This type of career path , I should note, was a far cry from what I had envisioned for myself, and the only interest that I had in law at the time was how it could be used as an instrument for social policy and societal change. To be sure, such a perspective, especially during the Vietnam War era, did not bode well for my relationship with my father and my employer. I didn t feature myself as a corporate attorney. I felt trapped and needed to resolve the situation quickly if, in my mind, I was going to survive the summer. Because I was keenly aware that working in the contracts administration department of this company was not the same thing as being a prisoner in a concentration camp, I began immediately to visualize and plan my escape route. Although my father had always been an authoritative figure in my life, I also realized that my situation, no matter how unbearable and confining it seemed to be, could never be compared to imprisonment in the Nazi death camps!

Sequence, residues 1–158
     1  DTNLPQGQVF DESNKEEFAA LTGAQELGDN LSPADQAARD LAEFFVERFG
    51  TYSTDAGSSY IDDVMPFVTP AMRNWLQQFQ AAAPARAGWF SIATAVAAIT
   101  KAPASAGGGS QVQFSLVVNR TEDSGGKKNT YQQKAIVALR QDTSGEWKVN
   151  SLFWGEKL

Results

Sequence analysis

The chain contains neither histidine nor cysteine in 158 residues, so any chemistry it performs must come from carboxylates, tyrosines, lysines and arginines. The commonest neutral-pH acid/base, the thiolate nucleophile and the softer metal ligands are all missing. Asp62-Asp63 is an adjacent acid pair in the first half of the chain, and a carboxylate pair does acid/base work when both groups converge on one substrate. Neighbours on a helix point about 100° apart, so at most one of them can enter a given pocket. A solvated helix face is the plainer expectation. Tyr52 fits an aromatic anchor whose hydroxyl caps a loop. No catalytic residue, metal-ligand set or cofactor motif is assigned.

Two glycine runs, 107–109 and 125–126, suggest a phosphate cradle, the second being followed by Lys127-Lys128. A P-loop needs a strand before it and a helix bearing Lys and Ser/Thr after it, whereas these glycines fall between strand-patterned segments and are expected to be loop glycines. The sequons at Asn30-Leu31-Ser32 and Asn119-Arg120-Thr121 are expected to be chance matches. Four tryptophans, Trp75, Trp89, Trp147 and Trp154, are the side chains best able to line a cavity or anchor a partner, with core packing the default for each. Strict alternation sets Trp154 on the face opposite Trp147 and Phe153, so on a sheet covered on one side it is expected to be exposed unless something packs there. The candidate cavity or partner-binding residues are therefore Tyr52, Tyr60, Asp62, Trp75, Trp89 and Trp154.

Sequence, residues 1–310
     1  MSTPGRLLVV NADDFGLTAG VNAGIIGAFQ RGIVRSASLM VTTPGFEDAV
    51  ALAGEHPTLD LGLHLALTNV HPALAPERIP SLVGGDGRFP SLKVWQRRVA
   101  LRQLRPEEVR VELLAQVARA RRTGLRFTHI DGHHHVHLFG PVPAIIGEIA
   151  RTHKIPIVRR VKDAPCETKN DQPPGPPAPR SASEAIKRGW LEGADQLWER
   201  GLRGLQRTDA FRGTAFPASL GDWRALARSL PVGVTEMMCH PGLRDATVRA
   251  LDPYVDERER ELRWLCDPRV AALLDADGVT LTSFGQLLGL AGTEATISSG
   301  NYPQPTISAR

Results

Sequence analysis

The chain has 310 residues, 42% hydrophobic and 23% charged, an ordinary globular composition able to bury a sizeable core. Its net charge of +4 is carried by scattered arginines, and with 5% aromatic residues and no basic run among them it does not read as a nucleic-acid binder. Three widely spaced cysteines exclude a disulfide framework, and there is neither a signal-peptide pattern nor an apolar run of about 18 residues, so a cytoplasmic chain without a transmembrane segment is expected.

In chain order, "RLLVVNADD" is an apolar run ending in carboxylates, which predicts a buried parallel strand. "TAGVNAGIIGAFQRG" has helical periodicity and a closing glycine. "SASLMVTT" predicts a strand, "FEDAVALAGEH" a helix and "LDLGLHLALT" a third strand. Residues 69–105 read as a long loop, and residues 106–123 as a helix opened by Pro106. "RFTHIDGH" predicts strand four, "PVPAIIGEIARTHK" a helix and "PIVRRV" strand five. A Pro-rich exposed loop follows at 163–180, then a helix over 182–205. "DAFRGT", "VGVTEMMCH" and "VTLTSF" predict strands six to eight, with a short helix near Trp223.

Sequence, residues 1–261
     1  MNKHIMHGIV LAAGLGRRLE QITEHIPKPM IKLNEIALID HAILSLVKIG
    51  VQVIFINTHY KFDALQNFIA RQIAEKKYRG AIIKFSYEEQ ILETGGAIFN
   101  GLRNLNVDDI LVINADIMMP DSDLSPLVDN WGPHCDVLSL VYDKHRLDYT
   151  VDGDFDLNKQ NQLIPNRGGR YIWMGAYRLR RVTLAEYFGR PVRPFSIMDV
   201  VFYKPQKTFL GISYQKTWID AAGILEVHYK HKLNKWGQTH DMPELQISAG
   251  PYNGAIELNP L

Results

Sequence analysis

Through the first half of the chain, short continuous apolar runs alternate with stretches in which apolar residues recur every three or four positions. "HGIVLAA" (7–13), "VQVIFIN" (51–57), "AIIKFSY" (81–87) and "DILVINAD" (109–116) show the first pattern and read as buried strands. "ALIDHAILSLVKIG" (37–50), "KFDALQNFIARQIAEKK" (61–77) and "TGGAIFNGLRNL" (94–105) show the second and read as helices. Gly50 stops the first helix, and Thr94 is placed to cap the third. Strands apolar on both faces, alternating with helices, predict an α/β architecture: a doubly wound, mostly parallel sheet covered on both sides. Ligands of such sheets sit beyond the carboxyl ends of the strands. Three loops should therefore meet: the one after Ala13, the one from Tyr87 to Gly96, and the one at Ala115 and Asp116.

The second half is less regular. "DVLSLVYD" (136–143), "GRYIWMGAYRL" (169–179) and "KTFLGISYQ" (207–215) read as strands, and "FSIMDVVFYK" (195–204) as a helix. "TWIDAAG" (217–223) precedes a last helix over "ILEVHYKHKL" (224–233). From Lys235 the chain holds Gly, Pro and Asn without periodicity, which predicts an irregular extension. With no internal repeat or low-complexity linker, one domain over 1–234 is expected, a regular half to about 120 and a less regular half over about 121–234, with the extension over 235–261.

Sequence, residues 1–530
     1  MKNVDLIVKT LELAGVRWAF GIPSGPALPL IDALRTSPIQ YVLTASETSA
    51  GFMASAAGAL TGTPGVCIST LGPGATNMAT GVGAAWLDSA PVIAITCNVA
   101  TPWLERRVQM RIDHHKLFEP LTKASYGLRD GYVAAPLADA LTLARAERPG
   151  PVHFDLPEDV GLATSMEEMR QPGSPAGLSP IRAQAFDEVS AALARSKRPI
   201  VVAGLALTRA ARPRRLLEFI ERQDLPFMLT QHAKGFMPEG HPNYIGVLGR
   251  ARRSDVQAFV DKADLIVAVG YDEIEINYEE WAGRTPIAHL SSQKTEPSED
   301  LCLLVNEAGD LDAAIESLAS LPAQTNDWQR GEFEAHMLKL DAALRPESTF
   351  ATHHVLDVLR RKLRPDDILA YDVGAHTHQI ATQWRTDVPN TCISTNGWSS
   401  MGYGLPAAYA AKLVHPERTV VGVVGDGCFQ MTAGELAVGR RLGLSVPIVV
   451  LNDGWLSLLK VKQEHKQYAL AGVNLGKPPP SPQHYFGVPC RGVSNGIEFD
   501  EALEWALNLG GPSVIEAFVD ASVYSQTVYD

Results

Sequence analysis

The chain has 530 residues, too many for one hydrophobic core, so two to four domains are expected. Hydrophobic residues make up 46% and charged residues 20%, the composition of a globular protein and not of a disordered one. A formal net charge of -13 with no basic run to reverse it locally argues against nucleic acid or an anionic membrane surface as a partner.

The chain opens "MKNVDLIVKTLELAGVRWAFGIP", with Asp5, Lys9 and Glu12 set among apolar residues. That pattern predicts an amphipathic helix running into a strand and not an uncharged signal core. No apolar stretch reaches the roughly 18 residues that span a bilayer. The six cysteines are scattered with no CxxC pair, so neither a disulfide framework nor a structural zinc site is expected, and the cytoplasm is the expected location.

So, because of my familiarity with his work, I have Frankl to thank for helping me first assess my situation and then choose my response to it. First, I decided up front that I would maintain a positive attitude toward the situation, especially since I had an undeniable faith in my ability to orchestrate an eventual escape from my perceived predicament. Second, in no uncertain terms, the situation presented me with an opportunity to clarify and confirm my values toward the kind of work that I wanted to do, as well as not do. To use Frankl s words, I was determined to realize my will to meaning and only do work that was aligned with my core values.